I’m teaching a course on Justice. I always invite students to engage, both with the real world and with each other. Yesterday students facilitated a discussion on their own topic of interest: torture.
I’m disturbed that some students think torture is justified. I’m much more disturbed that some leaders, like former president George Bush, endorse it. And passive endorsement is just as bad; as Jack Harris said: “Why is this government getting Canada into the torture business?”
Like in my student’s debate, we’re still asked: is it ok to torture someone in order to extract information to save lives?
But that’s not actually the question to ask. That’s a question that keeps us trapped in “us vs. them” mentality. The only seemingly common sense answer in this scenario would be sacrificing one to potentially save thousands. It’s amazing that Bentham’s utilitarian argument – the greatest good for the greatest number – still has an influence on our answers.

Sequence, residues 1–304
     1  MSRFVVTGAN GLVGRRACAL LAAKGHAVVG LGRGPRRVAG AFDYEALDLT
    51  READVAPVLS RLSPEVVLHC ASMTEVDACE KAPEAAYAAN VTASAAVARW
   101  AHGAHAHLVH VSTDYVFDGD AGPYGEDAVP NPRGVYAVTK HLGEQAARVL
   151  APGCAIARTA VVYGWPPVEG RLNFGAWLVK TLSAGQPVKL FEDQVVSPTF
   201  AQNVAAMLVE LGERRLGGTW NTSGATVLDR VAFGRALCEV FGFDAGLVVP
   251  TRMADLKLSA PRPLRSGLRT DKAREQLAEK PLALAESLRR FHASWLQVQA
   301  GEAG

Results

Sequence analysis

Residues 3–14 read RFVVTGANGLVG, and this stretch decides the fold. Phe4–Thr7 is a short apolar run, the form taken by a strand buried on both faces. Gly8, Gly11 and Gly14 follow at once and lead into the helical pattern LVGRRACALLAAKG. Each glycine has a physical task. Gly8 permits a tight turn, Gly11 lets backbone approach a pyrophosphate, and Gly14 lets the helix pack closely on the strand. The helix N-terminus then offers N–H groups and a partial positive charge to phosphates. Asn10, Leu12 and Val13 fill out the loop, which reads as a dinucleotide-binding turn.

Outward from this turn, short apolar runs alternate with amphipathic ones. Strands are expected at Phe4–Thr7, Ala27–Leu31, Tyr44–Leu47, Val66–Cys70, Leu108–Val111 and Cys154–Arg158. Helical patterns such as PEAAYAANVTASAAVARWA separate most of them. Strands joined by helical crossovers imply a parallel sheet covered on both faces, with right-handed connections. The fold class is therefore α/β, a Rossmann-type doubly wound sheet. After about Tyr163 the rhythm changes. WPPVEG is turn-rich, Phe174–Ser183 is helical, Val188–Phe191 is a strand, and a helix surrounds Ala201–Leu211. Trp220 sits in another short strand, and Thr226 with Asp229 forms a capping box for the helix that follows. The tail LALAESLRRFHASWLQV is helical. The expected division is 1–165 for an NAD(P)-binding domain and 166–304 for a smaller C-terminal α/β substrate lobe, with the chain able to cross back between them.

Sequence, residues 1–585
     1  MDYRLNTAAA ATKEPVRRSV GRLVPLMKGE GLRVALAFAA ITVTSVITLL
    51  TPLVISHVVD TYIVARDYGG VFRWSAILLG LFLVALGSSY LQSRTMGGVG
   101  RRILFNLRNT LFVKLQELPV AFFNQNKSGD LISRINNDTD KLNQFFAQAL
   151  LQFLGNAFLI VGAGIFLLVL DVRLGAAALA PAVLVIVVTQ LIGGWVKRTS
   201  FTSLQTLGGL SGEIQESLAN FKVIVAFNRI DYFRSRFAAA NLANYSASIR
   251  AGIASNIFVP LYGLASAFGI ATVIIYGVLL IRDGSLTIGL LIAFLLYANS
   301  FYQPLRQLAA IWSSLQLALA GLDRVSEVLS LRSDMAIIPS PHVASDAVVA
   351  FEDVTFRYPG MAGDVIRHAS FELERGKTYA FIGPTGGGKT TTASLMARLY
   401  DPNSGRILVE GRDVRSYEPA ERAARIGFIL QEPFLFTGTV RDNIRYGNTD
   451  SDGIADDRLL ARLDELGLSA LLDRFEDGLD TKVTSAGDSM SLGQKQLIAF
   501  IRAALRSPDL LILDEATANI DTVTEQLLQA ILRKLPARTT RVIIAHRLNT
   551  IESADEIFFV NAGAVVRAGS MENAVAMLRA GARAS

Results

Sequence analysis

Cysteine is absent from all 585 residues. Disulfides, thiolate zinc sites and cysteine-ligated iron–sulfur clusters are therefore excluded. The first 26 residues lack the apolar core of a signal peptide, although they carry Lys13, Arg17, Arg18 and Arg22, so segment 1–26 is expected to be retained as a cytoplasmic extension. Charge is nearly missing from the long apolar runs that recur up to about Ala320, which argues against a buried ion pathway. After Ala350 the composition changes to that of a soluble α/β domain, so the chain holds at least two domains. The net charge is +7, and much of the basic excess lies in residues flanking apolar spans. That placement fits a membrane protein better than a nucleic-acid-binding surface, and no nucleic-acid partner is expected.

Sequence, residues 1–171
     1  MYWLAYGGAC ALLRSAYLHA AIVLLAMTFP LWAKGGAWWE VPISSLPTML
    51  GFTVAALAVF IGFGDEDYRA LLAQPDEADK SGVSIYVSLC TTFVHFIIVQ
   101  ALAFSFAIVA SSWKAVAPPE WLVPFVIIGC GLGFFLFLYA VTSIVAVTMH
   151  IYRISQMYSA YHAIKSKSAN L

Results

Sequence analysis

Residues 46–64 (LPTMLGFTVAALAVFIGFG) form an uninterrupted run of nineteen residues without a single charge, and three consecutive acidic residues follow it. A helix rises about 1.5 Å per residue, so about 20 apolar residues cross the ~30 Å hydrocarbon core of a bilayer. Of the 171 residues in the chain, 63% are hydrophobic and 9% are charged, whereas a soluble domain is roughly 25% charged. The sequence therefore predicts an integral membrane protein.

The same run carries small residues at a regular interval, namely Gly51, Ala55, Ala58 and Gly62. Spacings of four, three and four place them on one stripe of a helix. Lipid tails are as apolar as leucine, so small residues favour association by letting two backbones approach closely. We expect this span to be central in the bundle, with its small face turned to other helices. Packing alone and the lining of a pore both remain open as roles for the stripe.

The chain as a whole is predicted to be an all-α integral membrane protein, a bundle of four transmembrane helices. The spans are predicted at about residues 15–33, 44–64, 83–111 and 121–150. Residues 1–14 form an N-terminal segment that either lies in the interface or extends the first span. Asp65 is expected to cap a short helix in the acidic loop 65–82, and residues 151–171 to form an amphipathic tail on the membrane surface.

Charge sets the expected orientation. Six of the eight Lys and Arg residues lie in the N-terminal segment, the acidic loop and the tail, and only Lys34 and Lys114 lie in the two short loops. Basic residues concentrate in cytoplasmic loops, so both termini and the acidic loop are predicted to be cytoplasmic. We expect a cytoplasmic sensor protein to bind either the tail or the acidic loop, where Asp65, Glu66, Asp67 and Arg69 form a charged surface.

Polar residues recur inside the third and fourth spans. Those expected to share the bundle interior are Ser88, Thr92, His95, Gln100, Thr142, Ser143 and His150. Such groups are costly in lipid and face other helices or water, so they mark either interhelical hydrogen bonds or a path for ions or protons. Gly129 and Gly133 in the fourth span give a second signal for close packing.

I’m interested in getting us out of that destructive, fear-based paradigm and asking what else is possible? No one wants innocent people to die. So really the question is how do we best prevent violence and terrorist attacks?
Torture would not be the answer to that question. Information gained from torture is certainly suspect since people just want to stop the pain. Inflicting pain on someone to prevent pain being inflicted on someone else simply does not make sense. Nor is it the kind of world I’d like to live in. Dehumanizing people is actually part of what is required for war and violence.
Humanizing all parties involved would be a step in the right direction. Reaching across our differences to develop understanding, respect and accountability makes sense. And that’s what works.